Hiroshima and Nagasaki: The Physical, Medical, and Social Effects of the Atomic Bombings

Hiroshima and Nagasaki: The Physical, Medical, and Social Effects of the Atomic Bombings

Hiroshima and Nagasaki: The Physical, Medical, and Social Effects of the Atomic Bombings

Hiroshima and Nagasaki: The Physical, Medical, and Social Effects of the Atomic Bombings

Excerpt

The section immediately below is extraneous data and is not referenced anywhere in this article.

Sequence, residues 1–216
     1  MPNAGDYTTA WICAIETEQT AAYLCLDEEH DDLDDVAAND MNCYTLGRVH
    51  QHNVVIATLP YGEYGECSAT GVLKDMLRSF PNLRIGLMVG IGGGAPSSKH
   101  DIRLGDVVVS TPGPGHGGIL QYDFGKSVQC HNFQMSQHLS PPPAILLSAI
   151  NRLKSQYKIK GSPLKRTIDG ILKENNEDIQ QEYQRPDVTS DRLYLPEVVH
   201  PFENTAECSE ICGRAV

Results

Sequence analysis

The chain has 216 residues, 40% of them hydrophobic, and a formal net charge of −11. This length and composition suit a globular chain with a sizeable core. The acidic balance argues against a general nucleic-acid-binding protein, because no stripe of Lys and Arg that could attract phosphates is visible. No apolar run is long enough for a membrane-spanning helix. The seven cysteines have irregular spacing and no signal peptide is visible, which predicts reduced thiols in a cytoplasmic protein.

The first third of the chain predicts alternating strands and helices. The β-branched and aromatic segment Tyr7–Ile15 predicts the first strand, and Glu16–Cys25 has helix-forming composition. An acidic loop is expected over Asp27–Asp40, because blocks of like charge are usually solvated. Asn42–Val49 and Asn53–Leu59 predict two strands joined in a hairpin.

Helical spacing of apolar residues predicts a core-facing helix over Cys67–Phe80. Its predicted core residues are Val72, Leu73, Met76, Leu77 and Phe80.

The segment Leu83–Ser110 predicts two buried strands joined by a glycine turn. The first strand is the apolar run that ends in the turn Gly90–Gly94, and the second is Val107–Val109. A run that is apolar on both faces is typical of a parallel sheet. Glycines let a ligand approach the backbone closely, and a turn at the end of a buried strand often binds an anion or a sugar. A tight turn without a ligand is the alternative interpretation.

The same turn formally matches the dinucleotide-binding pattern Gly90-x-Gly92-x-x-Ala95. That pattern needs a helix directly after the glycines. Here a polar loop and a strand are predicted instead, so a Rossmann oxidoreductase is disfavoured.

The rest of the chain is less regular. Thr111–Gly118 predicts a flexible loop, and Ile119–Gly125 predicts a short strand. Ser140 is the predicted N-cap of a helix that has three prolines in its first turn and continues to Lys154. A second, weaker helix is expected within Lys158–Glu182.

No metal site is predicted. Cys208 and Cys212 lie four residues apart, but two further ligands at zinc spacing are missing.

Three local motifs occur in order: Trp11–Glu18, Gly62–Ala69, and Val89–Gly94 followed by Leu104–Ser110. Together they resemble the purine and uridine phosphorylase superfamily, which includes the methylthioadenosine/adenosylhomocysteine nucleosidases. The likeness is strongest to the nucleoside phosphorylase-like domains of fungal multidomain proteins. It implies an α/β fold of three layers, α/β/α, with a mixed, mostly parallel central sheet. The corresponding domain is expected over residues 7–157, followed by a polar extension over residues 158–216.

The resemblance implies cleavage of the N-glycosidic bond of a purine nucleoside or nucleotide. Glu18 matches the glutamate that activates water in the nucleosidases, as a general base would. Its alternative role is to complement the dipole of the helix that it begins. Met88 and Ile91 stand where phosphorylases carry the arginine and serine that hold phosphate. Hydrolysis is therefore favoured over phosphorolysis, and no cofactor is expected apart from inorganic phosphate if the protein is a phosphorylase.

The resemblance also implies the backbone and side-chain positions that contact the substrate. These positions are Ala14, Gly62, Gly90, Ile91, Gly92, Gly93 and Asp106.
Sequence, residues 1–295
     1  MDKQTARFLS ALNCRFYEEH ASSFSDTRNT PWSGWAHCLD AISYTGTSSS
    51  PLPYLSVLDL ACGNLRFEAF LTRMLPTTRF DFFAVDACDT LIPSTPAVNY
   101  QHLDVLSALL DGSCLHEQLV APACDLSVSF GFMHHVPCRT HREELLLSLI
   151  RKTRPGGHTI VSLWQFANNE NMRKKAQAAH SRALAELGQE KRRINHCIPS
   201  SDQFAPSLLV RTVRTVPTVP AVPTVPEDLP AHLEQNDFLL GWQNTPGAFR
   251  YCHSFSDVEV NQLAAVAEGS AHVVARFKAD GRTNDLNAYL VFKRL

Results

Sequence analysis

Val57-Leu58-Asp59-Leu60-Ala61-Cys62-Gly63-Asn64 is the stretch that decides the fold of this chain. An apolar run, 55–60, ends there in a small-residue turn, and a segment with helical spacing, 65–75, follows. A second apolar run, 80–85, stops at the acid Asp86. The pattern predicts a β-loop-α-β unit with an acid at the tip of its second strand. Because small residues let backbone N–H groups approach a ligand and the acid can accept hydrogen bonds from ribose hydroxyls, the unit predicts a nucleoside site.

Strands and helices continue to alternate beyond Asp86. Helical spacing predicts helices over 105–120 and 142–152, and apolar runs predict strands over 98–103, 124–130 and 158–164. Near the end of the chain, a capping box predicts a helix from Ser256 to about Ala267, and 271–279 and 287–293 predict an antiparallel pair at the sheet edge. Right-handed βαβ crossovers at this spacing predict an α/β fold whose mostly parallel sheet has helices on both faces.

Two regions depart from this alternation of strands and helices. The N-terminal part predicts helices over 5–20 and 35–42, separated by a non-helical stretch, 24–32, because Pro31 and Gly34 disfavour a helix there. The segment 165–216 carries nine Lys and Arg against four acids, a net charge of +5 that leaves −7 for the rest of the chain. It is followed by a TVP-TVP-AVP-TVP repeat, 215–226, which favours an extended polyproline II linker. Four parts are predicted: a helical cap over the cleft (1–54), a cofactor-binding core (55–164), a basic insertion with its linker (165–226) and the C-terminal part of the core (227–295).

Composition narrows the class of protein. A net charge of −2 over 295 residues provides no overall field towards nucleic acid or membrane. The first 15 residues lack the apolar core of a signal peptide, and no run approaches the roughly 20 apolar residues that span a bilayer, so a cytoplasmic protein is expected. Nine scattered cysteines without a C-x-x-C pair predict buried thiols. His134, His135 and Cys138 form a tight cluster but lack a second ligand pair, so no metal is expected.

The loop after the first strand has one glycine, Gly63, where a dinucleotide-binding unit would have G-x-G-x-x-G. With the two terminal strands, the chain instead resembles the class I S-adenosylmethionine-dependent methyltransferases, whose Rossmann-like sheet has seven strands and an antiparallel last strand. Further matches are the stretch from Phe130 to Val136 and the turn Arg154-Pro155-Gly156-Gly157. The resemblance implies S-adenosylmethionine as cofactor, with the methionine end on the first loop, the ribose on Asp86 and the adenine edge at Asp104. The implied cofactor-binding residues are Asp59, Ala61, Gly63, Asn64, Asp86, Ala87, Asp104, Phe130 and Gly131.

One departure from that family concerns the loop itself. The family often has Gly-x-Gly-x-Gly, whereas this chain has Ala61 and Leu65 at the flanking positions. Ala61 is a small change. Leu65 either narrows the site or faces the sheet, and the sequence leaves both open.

The names Hiroshima and Nagasaki are known around the world—yet most people remain ignorant of the reality and the meaning of atomic destruction. Those who dropped the first atomic bomb worked thereafter to demonstrate its destructive powers and to justify its use as a way of ending the war quickly so as to limit the number of combat casualties. Nuclear bombs have thus become generally accepted. They have been developed and stockpiled by the United States of America and the Soviet Union on the premise that they effectively deter other countries from using them. When other major powers * acquired nuclear capability, they extended the nuclear threat to fearful proportions. The two great superpowers have sought to check the further spread of nuclear capability through a nuclear nonproliferation pact, but this effort is not convincing since it does not restrict them from adding to their own nuclear weapons. The peoples of the world who have learned the lessons of Hiroshima and Nagasaki, however, see nuclear arms no longer as useful deterrents but as dangerous weapons that could annihilate the human race. Thus, they recognize that the time has come to reverse the tide of world events.

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